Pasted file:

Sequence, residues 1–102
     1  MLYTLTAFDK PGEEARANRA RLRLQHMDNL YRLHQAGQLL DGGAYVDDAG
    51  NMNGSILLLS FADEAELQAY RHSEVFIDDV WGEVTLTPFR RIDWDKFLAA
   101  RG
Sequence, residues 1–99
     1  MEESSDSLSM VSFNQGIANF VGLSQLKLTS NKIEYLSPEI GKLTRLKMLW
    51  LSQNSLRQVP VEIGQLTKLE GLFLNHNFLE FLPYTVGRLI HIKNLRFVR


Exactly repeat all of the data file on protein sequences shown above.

Sequence, residues 1–102
     1  MLYTLTAFDK PGEEARANRA RLRLQHMDNL YRLHQAGQLL DGGAYVDDAG
    51  NMNGSILLLS FADEAELQAY RHSEVFIDDV WGEVTLTPFR RIDWDKFLAA
   101  RG
Sequence, residues 1–99
     1  MEESSDSLSM VSFNQGIANF VGLSQLKLTS NKIEYLSPEI GKLTRLKMLW
    51  LSQNSLRQVP VEIGQLTKLE GLFLNHNFLE FLPYTVGRLI HIKNLRFVR